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It Shows Their 'Curves': Indonesian City Implements Sharia Law, Bans Women From 'Straddling' Motorcycles

It Shows Their 'Curves': Indonesian City Implements Sharia Law, Bans Women From 'Straddling' Motorcycles

They have to ride "side-saddle" and they are not allowed to hold onto the driver.

Authorities in Indonesia's Aceh province are moving full-steam ahead with yet another implementation of sharia law, this time banning women from straddling motorcycles. According to the law, women are only allowed to ride "side-saddle" and are prohibited from holding onto the driver for support. The reason? Apparently, straddling a motorcycle is not a matter of practicality or safety for the sharia-authorities of Aceh, rather, it is about "showing a woman's curves."

Of course the rule sounds absurd, because it is. It obviously makes it impossible for women to ride as passengers given that they cannot do so safely while perched side-saddle, their arms dangling to and fro. And, since straddling is the verboten act here, it is also makes it clear that women are now forbidden from actually driving themselves on motorbikes as well.

In other words, the primary mode of transportation for everyday people in cities across Indonesia has now been made unattainable to women, leaving them without the means to function independently. The law is slated to move forward despite reported opposition from the central government, according to the Associated Press.

Aceh introduced a version of sharia law in 2009 after it gained autonomy from the government in a 2005 peace deal to end a long-running separatist war in the region. The Aceh laws regulate public morality, women's dress and require public businesses to close at prayer time. The laws are enforced by a special unit and the punishments include public caning. The AP adds:

On Monday, authorities in northern Aceh distributed a notice to government offices and villages informing residents of the proposed law, which would apply to adolescent girls and women. It states that women are not allowed to straddle motorbikes unless it's an "emergency," and are not allowed to hold onto the driver.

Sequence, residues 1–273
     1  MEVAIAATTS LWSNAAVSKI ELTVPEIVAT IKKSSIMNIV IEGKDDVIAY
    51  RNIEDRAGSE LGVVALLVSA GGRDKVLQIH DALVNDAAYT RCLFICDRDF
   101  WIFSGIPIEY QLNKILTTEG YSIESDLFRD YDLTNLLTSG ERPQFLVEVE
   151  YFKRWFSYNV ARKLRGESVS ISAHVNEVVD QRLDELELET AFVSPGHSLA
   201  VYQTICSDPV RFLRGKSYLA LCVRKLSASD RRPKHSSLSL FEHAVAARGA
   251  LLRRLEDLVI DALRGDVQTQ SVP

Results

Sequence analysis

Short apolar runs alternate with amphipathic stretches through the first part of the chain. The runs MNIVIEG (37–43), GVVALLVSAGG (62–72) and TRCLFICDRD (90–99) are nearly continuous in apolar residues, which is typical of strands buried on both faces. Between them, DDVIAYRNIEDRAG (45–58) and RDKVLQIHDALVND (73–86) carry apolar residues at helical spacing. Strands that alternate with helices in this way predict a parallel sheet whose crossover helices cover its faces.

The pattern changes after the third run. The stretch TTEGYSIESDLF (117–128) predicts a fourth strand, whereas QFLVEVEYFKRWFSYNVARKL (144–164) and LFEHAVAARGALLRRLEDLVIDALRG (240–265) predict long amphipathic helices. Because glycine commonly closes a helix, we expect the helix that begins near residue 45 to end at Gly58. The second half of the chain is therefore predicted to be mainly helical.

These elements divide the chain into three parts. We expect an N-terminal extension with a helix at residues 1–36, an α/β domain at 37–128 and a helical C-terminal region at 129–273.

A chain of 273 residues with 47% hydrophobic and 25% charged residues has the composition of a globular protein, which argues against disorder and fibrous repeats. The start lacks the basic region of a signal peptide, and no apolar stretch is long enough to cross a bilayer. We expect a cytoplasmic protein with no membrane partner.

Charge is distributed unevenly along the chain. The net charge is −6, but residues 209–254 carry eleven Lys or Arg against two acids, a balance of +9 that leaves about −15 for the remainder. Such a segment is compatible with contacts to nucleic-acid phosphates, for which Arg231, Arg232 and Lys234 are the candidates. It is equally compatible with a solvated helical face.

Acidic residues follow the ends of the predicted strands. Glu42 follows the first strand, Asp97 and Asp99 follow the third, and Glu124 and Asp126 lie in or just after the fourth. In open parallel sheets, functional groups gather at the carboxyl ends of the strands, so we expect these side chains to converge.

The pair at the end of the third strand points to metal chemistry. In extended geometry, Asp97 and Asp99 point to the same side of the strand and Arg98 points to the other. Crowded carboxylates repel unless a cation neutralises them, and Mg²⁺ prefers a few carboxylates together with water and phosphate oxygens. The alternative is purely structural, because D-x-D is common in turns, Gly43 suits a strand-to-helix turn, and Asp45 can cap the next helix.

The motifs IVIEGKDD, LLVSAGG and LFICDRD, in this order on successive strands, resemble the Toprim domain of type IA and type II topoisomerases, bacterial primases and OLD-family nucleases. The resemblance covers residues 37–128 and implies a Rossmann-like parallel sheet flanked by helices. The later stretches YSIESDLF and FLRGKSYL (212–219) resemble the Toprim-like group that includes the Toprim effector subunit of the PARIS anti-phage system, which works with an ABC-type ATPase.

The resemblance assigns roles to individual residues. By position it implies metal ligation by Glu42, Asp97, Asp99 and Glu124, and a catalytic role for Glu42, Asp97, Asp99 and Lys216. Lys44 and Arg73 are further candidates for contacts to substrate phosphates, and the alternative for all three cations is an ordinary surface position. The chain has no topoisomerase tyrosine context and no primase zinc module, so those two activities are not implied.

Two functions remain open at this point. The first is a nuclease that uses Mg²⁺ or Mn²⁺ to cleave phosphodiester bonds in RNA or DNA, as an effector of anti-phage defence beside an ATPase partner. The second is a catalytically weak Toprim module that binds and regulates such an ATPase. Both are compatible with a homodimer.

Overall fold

Suaidi Yahya, mayor of the Aceh city of Lhokseumawe, said a ban was needed because the "curves of a woman's body" are more visible when straddling a motorbike than when sitting sideways with legs dangling.

"Muslim women are not allowed to show their curves, it's against Islamic teachings," he said. The mayor declined to give the AP details of what the punishment would be for violators.

Photo credit: AP

Meanwhile Home Ministry officials told local media they will attempt to block the law as they deem it discriminatory.

According to the AP, riding sidesaddle on a motorbike is actually not uncommon in Southeast Asia, particularly for women wearing skirts. Obviously, women maintain that they feel safer straddling the bike.

Nurjanah Ismail, a lecturer on gender issues at the Ar Raniry Islamic Institute in Aceh's capital is critical of the proposed law:

"There is no need to question this practice, let alone regulate it, because people do it for safety," she said. "Women sitting in that way cannot be considered bad or in violation of Shariah. Islam is beautiful, so do not make it difficult."

Nonetheless, President Susilo Bambang Yudhoyono, who relies on the support of Muslim political parties, has not condemned, nor even challenged the laws, according to AP.

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